Getting into the Louvre
Ticket machines and tellers are on the perimeter once you go through security. If you get lost look for the information desk, then focus your eyes past that and there’s a ticket area on the other side. Kind of brilliant really. If you have an international bank card that does not require a signature, you can use the ticket machines. Otherwise, you have to queue for a teller. Took me about two minutes on a Sunday afternoon, so not bad.
I picked up my ticket (€15 as of August 2015) and headed to the information desk to pick up a complimentary map of the museum. I thought it would be reassuring to know where galleries are at, but in fact it made me realize that there’s no way I could possibly cover it all.
So, focus on what you like. Do you like looking at marble slabs of rock hard abs carved by Michelangelo? Or would you rather see paintings? Or are you more interested in the Egyptian, Greek or Roman artifacts? (There are rooms dedicated to each). Pin this down before you get started to increase your odds of having a good time.
Then go to those first. I prefer looking at paintings so I can marvel at the texture, color composition, and the expressions on the subjects’ faces rather than Venus de Milo.
Disclaimer: Be honest with yourself. No matter how famous something is…if you’re not interested in that form of art, don’t spend the time, the patience and the energy looking for it and taking a mediocre picture of it. To take a picture and post it of something without knowing who the artist is or the inspiration of the work is a flimsy thing to do.
You don’t have to enjoy or give attention to every type of art.
Honestly, after about three hours I was “arted” out. And I like art.
I saved the Mona Lisa for the end of my trip becaus I knew once I bore the brunt of the crowds I would be done with the museum. Turns out I know myself pretty well. There is signage everywhere pointing you to the Mona Lisa. It’s on the first floor in, naturally, the halls of the Italian paintings. On very busy days you will see a queue to see the Mona Lisa.
In this case, a Sunday afternoon, I was lucky to have to battle an arc of people about twelve people deep. When I visited the Mona Lisa in 2007, pictures were prohibited. Anyone caught with a camera was escorted out of the gallery. Now pictures are allowed, but no flash is permitted. Great, you’re thinking, except now we live in a world of selfie sticks and people jousting one another to make room for them and their selfie sticks. Not to mention its August, so it’s hot, and people are sweating, and odds are if you visit from March to September it will be smelly. That’s not too pleasant. So there’s people being smelly and being shovey and making room for their selfie sticks selfishly and I kind of just wanted to hit them with it instead of admire the Mona Lisa.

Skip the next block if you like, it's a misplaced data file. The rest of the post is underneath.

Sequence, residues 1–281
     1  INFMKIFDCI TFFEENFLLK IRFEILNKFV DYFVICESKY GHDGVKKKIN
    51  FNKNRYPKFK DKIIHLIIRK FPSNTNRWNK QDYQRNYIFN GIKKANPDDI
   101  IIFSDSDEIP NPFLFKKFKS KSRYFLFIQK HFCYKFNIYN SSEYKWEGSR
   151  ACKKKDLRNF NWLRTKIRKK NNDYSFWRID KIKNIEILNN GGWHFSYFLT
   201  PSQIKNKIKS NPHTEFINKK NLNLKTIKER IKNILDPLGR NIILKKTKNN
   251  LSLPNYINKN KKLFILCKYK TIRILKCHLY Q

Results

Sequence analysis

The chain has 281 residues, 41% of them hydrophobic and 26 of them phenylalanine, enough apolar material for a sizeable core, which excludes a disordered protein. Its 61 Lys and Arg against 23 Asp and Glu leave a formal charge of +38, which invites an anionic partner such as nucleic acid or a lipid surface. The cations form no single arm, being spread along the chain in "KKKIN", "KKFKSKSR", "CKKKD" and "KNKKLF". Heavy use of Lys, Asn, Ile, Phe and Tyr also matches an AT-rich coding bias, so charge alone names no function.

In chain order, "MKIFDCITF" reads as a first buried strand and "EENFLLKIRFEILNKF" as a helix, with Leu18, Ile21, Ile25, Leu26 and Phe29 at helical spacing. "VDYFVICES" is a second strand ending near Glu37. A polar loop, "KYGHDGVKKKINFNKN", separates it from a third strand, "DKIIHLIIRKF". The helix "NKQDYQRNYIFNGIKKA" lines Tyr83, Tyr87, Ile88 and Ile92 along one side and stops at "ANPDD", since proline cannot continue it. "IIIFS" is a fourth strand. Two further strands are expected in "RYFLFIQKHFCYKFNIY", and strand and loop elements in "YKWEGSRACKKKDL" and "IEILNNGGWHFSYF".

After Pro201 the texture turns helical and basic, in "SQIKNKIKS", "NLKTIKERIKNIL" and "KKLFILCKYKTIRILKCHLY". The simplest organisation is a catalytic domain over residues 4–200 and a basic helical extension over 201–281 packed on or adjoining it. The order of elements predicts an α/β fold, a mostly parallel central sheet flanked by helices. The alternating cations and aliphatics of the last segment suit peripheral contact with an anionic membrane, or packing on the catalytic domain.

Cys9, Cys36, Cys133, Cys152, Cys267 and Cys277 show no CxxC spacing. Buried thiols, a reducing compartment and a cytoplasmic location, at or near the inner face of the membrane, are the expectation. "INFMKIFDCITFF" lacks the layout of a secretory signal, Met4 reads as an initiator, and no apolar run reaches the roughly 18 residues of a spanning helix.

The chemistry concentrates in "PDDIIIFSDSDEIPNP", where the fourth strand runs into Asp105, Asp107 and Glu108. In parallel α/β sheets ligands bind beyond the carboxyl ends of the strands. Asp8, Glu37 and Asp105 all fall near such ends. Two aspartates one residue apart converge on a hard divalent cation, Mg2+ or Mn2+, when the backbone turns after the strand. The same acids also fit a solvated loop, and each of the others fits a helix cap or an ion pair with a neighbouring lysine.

I took my little picture of her cheeky little grin and found my way out quickly as the museum closes at 6pm (9:45pm on Wednesday and Friday).
I thought going a little more toward closing time would mean less of a crowd. Maybe what I experienced was a dwindle compared to what the day saw earlier, but half an hour to closing the place was still packed with people swarming everywhere like the Louvre is a hive. I stayed right until closing time and took the first metro home.
Tips to enjoy your visit:
Bring water and something to fan yourself with. The museum map works in a pinch, but in August it’s almost stifling warm.
Identify the art you’re most interested in seeing and start there.
Connect to the Louvre wifi and download the Louvre app. Plug in headphones. Insta-tour.
Carry some snacks to munch on while you’re browsing, because it’s a good ten minute endeavor to get from wherever you are to an exit.
When to go for budget travelers:
18-26 are free on Friday evening regardless of nationally